Asteroid to graze past Earth this summer...but how close? If you liked 2004 MN4, you're bound to enjoy 2006 BQ6. Very small but real chance it could even hit around the end of July, beginning of August this year. NASA isn't officially tracking it yet, but they are including it in their report of upcoming close approaches, where the minimum possible distance is...zero. The space.com discussion puts everything into perspective, including graphs and charts and such.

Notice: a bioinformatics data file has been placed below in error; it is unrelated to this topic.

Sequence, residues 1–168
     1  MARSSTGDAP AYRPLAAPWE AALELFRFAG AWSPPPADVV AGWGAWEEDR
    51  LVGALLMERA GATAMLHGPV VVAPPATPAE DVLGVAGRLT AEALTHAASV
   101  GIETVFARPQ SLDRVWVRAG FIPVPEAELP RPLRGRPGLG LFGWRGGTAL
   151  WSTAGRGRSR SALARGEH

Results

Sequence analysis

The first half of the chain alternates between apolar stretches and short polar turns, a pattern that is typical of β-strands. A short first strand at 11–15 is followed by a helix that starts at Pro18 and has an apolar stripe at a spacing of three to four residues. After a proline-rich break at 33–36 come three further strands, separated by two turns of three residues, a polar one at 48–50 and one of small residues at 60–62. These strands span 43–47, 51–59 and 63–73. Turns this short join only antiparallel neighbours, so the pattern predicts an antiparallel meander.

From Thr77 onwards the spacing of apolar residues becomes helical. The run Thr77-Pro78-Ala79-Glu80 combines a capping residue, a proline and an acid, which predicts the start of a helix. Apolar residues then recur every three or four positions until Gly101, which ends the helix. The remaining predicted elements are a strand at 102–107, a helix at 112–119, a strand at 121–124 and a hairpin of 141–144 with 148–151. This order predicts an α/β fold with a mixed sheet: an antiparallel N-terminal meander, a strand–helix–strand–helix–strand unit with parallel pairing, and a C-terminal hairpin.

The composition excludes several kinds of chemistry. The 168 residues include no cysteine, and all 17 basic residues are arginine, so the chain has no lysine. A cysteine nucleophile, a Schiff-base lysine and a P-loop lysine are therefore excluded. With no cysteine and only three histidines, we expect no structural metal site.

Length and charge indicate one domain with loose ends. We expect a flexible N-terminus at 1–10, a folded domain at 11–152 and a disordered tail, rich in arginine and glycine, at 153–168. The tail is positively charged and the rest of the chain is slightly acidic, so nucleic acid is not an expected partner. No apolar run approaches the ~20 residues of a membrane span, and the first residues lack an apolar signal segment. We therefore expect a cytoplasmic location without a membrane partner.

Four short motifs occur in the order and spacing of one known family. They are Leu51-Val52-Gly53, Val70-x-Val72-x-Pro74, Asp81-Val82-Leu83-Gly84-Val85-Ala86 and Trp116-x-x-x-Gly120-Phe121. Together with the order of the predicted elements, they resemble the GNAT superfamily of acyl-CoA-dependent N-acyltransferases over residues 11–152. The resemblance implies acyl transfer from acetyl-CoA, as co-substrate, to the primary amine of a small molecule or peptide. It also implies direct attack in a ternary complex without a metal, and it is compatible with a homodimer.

Big object sighted... if you liked Sedna and Quaoar, you're bound to love 2003 EL61, which has been found lurking in photographs from a couple of years ago. There appears to be some speculation that this one could be larger than Pluto.
On March 5, 1979, astronomers saw a burst of gamma rays so strong it swamped their detectors. Another rare burst in 1998 helped confirm the existence of magnetars, intensely powerful magnetic stars, unusual enough that there might only be a dozen or so in the galaxy. Another one has just been found --when it let off a burst last December that, for a fraction of a second, was brighter than the full moon.